A Friday night in Stranraer

Date: 3rd May 2020

The latest from SFSA writer Donald Stewart:

It’s murder…

Picture the scene…

It’s a lonely place, on a Friday. Stranraer, gateway to…

Larne…

The ferry terminal has gone quiet since the last shift for Kevin Kyle finished and his shuttling between Northern Ireland and Southern Scotland is long over; as mobile as his shuttling between defenders in his heyday, he tells us. The P and O Ferry has fallen silent, the bandstand hears no noise.

The Country and Western themed night at the Fitba’ Bar is looking forlorn as the strains of Kenny Rodgers and Tammy Wynette fail to raise a smile from the authority figure in the corner, surveying the scene.

Iain has had enough of the shenanigans. He wants answers.

On the floor is the corpse, on the floor of the Fitba’ Bar, Stranraer…

There’s been a murder.

By all accounts, Detective Sergeant Dougan, for Iain is he, knows that the local crime families, the Doncasters and the McKenzies have been at “it” again. No craftily worded press release focused on the minutiae will get them out of facing the fact that, here they have left another corpse in their wake.

Because of his local knowledge, Iain had been asked into the investigation by the Govan Big Wig, a DI with power.

In the file he had seen, which was different from the legendary Big Dossier, Iain knew that the last murder in the feud had been investigated by DI Deloitte. Everyone, who was in the know, knew that it was just one big whitewash.

This DI, the Govan Big Wig, wanted the investigation blown wide open and the Govan Big Wig claimed that he had the evidence to do it – he had the legendary Big Dossier. The problem was, he wasn’t a sharer and Iain was under extreme pressure from everyone else to tell people why he was backing the Govan Big Wig without having seen the legendary Big Dossier.

Entering the bar, Govan Big Wig DI “Ah’m no Taggart” Robertson, catches the DS’s eye.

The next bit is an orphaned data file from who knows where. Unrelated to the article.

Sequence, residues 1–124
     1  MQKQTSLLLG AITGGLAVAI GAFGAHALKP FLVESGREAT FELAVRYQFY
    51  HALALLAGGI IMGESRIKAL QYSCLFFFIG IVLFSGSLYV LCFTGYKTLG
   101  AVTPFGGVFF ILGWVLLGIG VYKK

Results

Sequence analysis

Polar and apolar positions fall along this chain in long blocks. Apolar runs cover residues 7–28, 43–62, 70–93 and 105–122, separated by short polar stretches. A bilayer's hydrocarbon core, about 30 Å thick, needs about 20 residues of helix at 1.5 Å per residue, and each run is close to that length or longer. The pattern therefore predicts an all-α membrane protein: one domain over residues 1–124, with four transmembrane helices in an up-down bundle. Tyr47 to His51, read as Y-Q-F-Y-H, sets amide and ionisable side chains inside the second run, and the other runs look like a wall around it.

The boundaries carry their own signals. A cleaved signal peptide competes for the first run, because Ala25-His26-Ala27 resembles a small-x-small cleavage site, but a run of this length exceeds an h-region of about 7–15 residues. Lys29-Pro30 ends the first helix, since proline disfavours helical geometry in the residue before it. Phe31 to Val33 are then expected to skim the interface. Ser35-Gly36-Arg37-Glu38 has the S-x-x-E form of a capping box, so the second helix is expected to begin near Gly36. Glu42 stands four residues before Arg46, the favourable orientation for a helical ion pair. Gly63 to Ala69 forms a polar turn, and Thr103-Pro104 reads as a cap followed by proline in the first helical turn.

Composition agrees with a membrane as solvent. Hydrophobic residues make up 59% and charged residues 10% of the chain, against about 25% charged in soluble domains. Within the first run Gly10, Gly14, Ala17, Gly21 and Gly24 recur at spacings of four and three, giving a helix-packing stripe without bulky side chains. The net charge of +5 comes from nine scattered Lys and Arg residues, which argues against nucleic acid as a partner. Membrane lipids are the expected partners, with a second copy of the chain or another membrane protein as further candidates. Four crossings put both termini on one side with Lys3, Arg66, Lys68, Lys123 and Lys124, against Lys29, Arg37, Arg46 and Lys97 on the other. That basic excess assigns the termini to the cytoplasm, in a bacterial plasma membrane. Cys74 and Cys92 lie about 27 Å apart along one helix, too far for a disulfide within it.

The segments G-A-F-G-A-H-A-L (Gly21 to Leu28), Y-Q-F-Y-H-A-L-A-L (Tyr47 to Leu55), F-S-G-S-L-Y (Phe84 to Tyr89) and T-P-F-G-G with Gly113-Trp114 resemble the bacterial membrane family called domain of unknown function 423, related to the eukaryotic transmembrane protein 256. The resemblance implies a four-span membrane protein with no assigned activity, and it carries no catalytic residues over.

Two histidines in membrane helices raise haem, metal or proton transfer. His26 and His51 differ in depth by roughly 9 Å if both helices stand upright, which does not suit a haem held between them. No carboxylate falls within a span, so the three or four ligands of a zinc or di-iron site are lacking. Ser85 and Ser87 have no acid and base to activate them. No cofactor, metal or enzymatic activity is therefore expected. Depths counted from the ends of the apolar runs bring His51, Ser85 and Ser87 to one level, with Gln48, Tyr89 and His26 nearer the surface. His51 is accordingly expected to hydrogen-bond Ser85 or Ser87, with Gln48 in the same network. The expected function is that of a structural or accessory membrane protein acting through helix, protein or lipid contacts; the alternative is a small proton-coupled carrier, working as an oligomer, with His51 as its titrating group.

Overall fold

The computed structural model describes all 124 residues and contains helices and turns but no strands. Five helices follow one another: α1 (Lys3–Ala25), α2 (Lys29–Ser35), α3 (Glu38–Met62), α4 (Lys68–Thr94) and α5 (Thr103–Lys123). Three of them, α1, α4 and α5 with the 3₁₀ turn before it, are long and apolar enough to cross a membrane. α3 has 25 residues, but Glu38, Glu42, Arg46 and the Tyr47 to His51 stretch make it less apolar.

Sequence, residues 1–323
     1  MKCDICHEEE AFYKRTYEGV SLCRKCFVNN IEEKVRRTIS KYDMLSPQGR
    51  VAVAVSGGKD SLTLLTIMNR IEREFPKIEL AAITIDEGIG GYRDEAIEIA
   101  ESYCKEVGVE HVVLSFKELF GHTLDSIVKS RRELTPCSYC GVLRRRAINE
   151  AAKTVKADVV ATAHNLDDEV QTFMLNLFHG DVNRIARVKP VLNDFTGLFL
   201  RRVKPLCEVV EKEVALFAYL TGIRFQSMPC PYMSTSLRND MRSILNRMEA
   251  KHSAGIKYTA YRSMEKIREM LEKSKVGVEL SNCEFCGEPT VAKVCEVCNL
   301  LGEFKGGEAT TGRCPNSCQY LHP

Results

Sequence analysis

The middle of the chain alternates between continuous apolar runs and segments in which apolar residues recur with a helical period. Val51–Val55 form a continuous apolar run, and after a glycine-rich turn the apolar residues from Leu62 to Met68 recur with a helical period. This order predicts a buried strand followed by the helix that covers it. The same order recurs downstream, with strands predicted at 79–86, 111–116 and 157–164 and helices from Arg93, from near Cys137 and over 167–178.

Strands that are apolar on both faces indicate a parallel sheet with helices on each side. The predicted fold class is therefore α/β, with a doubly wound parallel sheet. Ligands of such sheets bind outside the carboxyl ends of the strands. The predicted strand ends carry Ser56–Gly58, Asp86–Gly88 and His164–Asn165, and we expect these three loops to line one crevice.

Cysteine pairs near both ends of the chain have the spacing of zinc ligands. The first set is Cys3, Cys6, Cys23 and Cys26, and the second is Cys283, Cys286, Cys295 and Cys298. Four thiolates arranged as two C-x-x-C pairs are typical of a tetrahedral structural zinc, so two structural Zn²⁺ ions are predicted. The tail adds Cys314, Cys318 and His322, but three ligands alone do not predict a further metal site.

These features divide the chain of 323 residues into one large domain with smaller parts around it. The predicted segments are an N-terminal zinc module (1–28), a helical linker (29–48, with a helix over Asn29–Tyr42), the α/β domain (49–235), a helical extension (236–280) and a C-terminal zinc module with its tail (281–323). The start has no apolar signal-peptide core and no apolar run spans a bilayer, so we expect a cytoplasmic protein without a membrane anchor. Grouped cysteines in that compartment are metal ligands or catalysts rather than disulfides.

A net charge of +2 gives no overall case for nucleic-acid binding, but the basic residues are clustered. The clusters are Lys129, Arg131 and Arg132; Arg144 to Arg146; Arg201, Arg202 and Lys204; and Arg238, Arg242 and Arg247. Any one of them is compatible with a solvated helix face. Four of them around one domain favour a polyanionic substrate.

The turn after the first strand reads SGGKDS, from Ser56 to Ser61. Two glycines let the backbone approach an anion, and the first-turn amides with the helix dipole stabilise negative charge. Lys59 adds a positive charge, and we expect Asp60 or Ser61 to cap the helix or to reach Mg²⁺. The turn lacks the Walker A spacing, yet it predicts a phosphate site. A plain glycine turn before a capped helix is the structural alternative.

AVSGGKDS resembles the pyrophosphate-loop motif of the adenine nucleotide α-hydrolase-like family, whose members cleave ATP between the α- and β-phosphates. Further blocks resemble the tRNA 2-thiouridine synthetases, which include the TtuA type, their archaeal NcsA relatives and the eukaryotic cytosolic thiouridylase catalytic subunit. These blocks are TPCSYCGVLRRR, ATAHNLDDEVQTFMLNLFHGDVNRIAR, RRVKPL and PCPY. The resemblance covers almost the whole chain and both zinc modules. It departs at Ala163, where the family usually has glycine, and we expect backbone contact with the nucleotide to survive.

“It’s like a cliff hanger on House of cards on the tele,” Iain, the DS is heard to mutter under his breath.

Just then his phone rings. His phone doesn’t often ring.

He doesn’t recognise the number.

He tentatively answers.

“Iain?”

“Oh aye…”

“It’s me.”

Clearly supposed to know who she is, Iain does not want to sound ignorant but can hardly commit.

“Oh, aye…”

“What dae ye think? Thrown the cat amongst the pigeons aint it?”

“Oh, aye…”

Iain is still struggling to work out what pigeons and when he ever had a cat to throw but his mind starts to form an opinion, around the kernel of an idea that becomes a thought needing expressed and then he just nudges the DI, nodding that he thinks he has someone worth listening to on the phone. The DI indicates he should put it on speaker phone.

“I got yer memo and I want you to know that nether me nor the DI no think yer our nodding dug.”

Iain realises that he is listening to The Budgie.

Chief supremo in the headquarters at the heart of any criminal justice in Edinburgh, she was not one to be trifled with…

“Have you put me on speakerphone?”

Iain starts to nod, realises that she couldn’t see him and it was a daft thing to do, just as she said, “Are you nodding at the phone, Iain?”

“Oh aye…”

“Then stop it. DI Robertson has the dossier, the evidence, the smoking gun. He has the legendary Big Dossier. We need a probe and God forbid, you are at the centre of it all, OK?”

Iain, still struggling with cats and pigeons now worries about what kind of probe Budgie might be interested in.

“Oh, aye…”